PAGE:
Did you know sailing is one of the oldest nomadic lifestyles?
As soon as the first ocean crossing ships were built back before 1000 A.D. the nomad sailing lifestyle took off. For the truly adventurous, explorers took to the high seas- facing incredible challenges to discover new land and opportunities.
We all know about the infamous pirate lifestyles popularly depicted through the 1700s, however in recent centuries and with the invention of airplanes, living on a ship has become less popular… until now.
How has life on the water evolved?
With jobs becoming more remote, and communication infrastructure strengthens worldwide, now it’s easier than ever to hop on a boat and cross the ocean- all without ever losing touch or taking a day off work.
Modern sailboats and yachts come equipped with all of the amenities of living on land including internet & satellite TV service. GPS has made charting a course easier than ever, and that connectivity also means sailing on the open ocean is much safer, as the ship is never out of contact.
Most ships are powered by strong engines capable of pushing the vessel across the ocean in just a matter of days- even most sailboats come equipped with engines these days. This means anyone can travel to the costal destination of their choosing without the worry of the getting unlucky with the winds.
Want to know more about specific international insurance plans to protect you on the water? Watch the video below to learn more!
Who lives the nomad sailing lifestyle?
There are many ways to live a modern water-bound nomadic lifestyle.
Many people take to the waters to find work, living aboard cruise ships and yachts as cooks, stewards, or even entertainers. Transport vessels and large tanker ships also require a strong crew and offer opportunities to engineers and security personnel.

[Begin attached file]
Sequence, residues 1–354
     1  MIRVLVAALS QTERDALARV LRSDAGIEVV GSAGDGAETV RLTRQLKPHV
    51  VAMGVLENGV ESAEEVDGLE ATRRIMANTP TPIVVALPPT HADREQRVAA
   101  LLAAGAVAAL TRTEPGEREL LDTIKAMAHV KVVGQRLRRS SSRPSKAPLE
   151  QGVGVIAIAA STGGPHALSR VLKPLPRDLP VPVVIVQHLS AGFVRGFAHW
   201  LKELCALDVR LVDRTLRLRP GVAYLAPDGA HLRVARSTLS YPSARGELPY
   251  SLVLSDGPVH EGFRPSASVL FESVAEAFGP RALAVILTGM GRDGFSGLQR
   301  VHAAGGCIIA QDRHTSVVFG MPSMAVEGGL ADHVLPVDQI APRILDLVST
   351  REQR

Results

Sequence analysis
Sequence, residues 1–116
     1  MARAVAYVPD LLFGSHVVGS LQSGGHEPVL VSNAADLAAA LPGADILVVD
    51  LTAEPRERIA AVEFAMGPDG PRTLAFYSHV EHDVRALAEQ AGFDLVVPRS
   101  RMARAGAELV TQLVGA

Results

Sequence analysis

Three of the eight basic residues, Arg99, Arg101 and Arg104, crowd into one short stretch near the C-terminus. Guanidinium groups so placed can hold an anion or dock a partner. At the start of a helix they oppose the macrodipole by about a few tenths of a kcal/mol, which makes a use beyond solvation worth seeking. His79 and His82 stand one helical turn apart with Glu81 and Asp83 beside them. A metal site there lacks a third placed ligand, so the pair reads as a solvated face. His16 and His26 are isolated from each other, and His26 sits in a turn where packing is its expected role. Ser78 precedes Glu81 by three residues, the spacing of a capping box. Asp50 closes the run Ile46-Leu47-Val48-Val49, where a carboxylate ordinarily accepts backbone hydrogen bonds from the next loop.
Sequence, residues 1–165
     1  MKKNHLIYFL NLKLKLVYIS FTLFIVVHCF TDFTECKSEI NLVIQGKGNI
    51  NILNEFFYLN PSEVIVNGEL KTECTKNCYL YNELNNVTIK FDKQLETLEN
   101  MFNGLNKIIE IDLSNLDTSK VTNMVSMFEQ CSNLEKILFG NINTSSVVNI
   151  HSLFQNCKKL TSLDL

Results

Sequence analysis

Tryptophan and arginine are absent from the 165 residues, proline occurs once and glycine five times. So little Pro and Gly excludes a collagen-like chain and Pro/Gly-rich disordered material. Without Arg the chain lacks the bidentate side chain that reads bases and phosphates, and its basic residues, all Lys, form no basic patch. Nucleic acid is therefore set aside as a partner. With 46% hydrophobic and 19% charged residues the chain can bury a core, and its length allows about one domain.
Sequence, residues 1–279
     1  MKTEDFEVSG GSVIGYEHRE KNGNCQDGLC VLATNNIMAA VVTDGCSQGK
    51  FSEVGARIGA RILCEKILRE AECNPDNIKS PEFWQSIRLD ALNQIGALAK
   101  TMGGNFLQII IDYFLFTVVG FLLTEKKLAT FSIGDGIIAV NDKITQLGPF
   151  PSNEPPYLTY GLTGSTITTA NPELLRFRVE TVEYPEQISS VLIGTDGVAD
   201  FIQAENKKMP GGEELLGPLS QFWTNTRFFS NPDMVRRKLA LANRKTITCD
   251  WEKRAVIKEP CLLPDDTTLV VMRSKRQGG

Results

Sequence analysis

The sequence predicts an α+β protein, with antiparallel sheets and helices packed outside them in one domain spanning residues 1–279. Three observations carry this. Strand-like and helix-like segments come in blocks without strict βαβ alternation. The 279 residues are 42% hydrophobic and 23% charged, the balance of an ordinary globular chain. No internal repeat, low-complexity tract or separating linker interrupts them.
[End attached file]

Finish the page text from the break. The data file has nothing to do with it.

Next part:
More traditionally, many coastal towns welcome seasonal migrants working as fishermen and deckhands. This is most common in areas with cold climates, especially near the North Atlantic.
Beyond those specifically looking for work on water, those who work remotely may choose this alternative lifestyle as a means of exploring and traveling the world.
How to stay protected:
Living on the water can make it tricky to find the right insurance. Many international insurance plans require a stable address as well as a limited location for coverage. Sailing in some cases can also be considered an adventure sport, which many plans don’t cover by default.
Luckily, there are plans specifically designed for the nomad sailing lifestyle, AND they include adventure sports coverage! This means, even while living out on the water and traveling from country to country with no address you can be completely protected.
To find out more about nomad sailing insurance plan offerings click “Chat with us” at the bottom of the page to speak with one of our expert agents now!
Stay tuned for parts 2 & 3 of the Life of the Water series, as well as the other articles in our Nomad collection. Happy sailing!